View of the spire through the Cloister windows. I love this photo.
I took this photograph for the detailed carving, and the lovely pony in the middle. If you click n it and look more closely, you will see that the lady behind the pony has been decapitated as some point (not sure if deliberate or accidental), and just what is happening to the bottom half of the knight type figure far right - his legs look like he is a genie from a bottle!
This effigy dates from the 12th century and was situated at the original chosen site of th cathedral at Old Sarum, but was brought here subsequently. It is thought to be Jocelin de Bohun, who was Bishop from 1142 - 1184. The details of Humphrey de Bohun make interesting reading.
The plaque beneath reads: Robert Lord Hungerford: He died in 1459. His effigy and remains were first in the Hungerford Chantry which was demolished in 1789 and this tomb was rebuilt from the fragments.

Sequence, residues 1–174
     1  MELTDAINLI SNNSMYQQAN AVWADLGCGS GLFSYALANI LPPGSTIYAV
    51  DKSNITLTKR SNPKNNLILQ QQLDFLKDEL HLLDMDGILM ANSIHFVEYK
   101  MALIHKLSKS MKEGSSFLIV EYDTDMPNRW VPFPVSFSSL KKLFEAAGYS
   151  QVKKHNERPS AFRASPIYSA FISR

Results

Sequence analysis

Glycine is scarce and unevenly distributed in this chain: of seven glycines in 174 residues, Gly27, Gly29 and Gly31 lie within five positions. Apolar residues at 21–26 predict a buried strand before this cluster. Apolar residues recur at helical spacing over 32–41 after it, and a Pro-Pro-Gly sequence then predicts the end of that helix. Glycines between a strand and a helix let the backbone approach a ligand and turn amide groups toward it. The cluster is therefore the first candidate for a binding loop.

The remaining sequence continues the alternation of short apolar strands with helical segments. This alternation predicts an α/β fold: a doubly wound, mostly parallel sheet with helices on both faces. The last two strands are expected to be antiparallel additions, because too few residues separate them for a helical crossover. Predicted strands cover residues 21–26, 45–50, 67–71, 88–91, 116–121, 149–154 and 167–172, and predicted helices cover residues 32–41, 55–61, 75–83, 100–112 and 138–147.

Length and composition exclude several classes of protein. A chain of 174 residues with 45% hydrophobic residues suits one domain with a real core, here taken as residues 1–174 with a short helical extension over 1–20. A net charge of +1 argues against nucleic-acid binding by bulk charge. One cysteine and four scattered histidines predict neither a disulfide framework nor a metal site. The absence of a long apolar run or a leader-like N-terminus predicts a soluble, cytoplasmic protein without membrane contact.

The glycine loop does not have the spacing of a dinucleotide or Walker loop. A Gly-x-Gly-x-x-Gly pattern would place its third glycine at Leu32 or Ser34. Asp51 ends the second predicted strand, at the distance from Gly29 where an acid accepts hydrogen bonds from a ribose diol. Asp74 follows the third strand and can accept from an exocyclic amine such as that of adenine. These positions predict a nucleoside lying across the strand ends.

If the name rings a bell, go back to my old Codlins and Cream blogspot and check out Farleigh Hungerford Castle, which we stopped at on the way down to the New Forest at the beginning of August.
Soaring arches and columbs above the misericords.
The Mompesson tomb. Across the top is written Richard Mompesson, Knight and Dame Katherine. He died in 1627, and lived in the close (stunning Mompesson House was pictured on my Salisbury Cathedral I blog entry). Apparently this memorial is unusual in that it faces West instead of East, as initially it was the other side of the aisle. It was repainted in its original glorious colours in 1962.
I assume these are earlier Bishops of Salisbury.
I think this tomb is the one built in memory of Sit Edward Seymour, Earl of Hertford and his wife Katherine, who was sister to the ill-fated Lady Jane Grey. It was certainly a very decadent memorial.
I think these beautiful stained glass windows are those in Trinity Chapel.
My husband made me take all sorts of photographs of church "furniture", and I suspect he may be making his own replicas as some time in the future . . .
Tomb of Sir John de Montacute. He fought at Crecy in 1346 and Poitiers 1356 and was later Steward to King Richard II. He died in 1389.